Jack says, “We have our feet in two worlds—the mundane and the spiritual….Meditation practice gives us a growing capacity to be present with the full range of experience.” Trauma is part of our human experience. When primitive fight, flight or freeze responses do not provide full release, our bodies hold stories and images that are connected to traumas of commission or omission. Often for catharsis and resolution, meditation practice must be supplemented by the healing presence of an experienced therapist. Under careful guidance, adults can feel emotions that were too scary to face in childhood. Without the ground of stability and wellbeing, re-living a trauma can be re-traumatizing. Trauma therapists like Peter Levine, author of Waking the Tiger, start by helping patients recall a time when they felt safe. Then they can gradually approach traumatic memories, releasing them a little bit at a time, pausing at intervals to reestablish grounding. Jack concludes, “Your trauma does not define you. Your spirit is free no matter what happens to you.”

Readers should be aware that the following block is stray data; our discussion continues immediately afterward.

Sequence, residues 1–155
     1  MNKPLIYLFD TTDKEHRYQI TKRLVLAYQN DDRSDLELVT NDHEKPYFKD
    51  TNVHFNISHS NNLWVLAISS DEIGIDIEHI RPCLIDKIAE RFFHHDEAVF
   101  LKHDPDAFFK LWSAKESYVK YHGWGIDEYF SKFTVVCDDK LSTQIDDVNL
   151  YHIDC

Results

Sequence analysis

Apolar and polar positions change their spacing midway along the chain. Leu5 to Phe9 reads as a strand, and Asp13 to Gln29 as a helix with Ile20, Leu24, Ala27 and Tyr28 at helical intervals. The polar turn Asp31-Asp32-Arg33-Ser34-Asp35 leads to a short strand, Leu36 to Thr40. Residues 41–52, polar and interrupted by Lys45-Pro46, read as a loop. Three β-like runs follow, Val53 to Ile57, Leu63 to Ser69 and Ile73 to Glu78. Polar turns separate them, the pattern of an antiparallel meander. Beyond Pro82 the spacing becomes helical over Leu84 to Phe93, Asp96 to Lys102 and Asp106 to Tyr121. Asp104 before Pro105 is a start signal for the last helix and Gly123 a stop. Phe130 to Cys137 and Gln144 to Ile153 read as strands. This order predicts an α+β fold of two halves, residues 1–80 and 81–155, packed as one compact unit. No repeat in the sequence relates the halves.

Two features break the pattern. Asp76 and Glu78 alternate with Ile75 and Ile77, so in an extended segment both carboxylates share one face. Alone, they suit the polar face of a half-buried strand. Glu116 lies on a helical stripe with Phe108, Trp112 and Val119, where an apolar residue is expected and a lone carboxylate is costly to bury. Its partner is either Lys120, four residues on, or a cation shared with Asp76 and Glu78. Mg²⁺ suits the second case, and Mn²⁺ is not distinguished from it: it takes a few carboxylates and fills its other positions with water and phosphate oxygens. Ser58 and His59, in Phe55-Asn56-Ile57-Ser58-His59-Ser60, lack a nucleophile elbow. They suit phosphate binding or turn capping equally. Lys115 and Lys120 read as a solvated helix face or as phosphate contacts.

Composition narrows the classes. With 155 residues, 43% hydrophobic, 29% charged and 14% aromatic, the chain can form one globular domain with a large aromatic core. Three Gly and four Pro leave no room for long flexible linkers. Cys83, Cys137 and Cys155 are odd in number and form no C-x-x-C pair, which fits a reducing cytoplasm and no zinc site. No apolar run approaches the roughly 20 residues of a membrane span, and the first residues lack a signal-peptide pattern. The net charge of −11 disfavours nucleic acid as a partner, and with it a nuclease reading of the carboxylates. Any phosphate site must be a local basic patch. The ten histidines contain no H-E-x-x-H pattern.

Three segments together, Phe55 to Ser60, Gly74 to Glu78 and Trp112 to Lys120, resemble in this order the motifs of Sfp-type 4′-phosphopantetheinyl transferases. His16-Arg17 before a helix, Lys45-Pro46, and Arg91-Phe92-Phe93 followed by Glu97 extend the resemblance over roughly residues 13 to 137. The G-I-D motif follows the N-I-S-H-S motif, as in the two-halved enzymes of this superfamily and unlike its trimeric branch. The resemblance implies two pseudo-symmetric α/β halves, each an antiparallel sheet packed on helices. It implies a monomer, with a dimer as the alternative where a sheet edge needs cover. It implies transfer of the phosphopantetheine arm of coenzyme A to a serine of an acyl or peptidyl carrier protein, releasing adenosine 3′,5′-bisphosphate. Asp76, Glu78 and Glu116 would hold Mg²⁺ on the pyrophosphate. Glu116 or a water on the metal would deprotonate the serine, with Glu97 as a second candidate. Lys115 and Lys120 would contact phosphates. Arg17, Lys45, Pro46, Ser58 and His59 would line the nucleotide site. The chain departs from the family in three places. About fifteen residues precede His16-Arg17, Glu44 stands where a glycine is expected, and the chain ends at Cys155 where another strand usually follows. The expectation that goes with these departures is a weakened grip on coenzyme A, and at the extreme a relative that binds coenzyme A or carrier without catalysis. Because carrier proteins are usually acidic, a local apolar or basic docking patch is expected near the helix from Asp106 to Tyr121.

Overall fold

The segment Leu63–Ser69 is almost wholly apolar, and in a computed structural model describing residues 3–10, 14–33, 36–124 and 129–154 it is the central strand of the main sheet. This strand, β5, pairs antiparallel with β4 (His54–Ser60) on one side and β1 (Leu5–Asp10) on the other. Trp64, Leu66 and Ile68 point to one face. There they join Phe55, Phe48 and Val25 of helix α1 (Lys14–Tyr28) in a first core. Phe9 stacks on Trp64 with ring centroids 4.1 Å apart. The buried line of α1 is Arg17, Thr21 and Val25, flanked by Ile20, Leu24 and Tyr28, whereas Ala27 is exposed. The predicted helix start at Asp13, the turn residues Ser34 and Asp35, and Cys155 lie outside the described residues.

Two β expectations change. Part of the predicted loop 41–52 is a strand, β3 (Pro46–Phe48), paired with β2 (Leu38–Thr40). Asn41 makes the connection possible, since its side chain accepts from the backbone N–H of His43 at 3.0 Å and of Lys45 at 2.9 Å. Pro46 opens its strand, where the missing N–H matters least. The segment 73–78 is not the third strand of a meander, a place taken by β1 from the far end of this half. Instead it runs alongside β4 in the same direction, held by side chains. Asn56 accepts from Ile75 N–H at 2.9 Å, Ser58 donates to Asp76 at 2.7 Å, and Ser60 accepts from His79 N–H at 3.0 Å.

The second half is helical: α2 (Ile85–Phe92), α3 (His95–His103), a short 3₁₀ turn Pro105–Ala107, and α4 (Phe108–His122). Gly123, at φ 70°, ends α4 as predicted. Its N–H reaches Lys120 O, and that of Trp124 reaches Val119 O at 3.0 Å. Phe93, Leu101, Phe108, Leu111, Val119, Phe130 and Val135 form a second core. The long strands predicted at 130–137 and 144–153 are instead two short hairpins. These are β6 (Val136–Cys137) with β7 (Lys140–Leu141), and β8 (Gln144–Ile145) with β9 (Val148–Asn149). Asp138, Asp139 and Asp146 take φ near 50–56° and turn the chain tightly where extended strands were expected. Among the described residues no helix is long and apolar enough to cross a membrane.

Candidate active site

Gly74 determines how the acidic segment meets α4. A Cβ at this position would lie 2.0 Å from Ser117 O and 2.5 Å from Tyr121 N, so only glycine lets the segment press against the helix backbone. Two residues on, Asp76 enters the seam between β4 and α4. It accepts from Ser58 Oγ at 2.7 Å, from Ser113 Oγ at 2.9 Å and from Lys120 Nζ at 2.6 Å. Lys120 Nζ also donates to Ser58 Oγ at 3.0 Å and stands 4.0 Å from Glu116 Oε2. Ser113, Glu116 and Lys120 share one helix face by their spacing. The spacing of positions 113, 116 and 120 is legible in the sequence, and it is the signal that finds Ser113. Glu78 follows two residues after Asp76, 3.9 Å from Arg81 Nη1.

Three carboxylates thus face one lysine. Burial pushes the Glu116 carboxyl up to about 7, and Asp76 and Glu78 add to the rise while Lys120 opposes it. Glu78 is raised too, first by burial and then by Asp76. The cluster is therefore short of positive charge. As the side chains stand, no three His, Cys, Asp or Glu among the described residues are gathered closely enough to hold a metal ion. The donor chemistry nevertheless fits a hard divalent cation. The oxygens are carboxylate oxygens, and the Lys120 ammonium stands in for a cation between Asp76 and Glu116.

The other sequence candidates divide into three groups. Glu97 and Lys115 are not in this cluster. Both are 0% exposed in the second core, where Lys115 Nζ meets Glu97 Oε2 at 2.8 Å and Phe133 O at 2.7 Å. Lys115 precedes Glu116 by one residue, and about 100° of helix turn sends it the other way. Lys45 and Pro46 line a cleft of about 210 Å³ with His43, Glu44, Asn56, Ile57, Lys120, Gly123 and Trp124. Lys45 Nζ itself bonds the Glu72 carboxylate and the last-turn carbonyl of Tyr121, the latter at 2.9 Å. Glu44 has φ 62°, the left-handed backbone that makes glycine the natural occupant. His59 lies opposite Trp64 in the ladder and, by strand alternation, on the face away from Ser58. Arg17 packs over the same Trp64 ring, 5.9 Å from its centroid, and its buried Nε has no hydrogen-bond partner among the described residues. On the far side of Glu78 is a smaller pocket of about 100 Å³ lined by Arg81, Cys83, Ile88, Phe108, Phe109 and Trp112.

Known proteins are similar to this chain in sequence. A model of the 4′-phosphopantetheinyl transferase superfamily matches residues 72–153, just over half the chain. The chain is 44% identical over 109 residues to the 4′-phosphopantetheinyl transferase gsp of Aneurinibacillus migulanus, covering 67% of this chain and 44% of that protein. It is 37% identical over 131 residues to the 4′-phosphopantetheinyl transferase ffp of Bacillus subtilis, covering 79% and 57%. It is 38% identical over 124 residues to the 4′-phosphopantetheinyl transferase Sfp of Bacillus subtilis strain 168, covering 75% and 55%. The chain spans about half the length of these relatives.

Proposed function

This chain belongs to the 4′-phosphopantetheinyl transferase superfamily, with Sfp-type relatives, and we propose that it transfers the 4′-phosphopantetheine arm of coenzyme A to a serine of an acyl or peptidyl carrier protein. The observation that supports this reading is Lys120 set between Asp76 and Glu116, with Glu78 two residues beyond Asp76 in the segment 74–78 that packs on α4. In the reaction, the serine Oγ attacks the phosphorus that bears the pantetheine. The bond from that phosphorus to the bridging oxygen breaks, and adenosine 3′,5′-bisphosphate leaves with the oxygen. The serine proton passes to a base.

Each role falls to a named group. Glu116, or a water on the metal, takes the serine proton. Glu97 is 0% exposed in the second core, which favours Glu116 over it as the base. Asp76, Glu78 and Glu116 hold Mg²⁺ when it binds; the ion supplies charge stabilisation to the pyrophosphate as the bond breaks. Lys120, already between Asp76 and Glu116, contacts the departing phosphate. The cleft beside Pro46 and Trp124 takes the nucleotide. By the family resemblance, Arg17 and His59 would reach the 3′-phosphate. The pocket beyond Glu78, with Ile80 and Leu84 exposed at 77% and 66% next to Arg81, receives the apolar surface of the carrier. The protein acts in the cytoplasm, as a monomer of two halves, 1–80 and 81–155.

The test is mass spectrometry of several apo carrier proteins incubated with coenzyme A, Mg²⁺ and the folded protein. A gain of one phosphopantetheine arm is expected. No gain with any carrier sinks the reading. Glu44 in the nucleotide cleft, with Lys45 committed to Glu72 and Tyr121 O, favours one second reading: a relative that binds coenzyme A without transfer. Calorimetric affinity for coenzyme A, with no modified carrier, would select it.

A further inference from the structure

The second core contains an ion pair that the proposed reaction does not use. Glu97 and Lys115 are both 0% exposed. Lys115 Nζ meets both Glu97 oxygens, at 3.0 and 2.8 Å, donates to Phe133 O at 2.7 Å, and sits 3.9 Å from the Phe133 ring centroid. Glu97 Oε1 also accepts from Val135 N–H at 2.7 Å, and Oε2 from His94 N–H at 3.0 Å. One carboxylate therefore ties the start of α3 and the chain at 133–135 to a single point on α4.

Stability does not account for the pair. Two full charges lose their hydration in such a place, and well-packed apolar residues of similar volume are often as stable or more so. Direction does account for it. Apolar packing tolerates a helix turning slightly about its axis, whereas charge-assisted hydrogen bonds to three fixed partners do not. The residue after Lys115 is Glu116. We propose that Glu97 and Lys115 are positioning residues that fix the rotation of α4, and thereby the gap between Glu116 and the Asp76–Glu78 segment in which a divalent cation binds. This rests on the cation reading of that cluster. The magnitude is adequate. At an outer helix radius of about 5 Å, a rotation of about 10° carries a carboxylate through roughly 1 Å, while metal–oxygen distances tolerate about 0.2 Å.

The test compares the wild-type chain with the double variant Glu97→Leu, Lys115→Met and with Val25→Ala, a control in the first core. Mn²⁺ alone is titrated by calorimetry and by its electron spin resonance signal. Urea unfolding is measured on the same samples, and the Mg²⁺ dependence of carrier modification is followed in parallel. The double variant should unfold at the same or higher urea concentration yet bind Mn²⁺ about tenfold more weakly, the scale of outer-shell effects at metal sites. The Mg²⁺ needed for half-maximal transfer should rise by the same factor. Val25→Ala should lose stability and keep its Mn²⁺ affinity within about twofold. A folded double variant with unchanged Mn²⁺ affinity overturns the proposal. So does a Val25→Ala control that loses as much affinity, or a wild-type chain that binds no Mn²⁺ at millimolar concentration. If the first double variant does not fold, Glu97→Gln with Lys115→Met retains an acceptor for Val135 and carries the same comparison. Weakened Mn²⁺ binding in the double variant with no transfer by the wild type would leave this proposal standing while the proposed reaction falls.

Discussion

*Let’s do a guided meditation for dealing with a difficult personal situation:

Sit in a comfortable position and close your eyes.
Visualize or sense the presence of a difficult person sitting and facing you….
Be aware of sensations in your body.

Now excuse yourself for a moment to answer the doorbell.
Imagine a luminous being standing at the threshold. (Jesus, the Buddha, Green Tara, the Virgin of Guadalupe, etc.)
Exchange bodies and accompany the luminous being back to face the difficult person.
Learn from the luminous being how to handle the situation with a wise mind, an open heart, and a relaxed body.

Excuse yourself once again, accompanying the luminous being to the threshold.
Re-exchange bodies.
Receive a parting gift from the luminous being.
Receive words of wisdom.
Bid farewell to the luminous being.

Pause quietly and listen to your heart, connecting with your innate inner wisdom.
Trust that you know how to speak and act from the heart of wisdom.


Let’s close with Jack’s inspirational story of Dante and the transformative power of love: In 1300, the poet fell in love with Beatrice, a beautiful noblewoman whom he glimpsed on the Ponte Vecchio in Florence. When she died of the plague soon afterwards, Beatrice became Dante’s muse for creating The Divine Comedy. In World War II, the Germans promised not to bomb the Ponte Vecchio if the Americans would agree not to use the bridge. So it was, out of international respect for Dante’s archetypal love for Beatrice.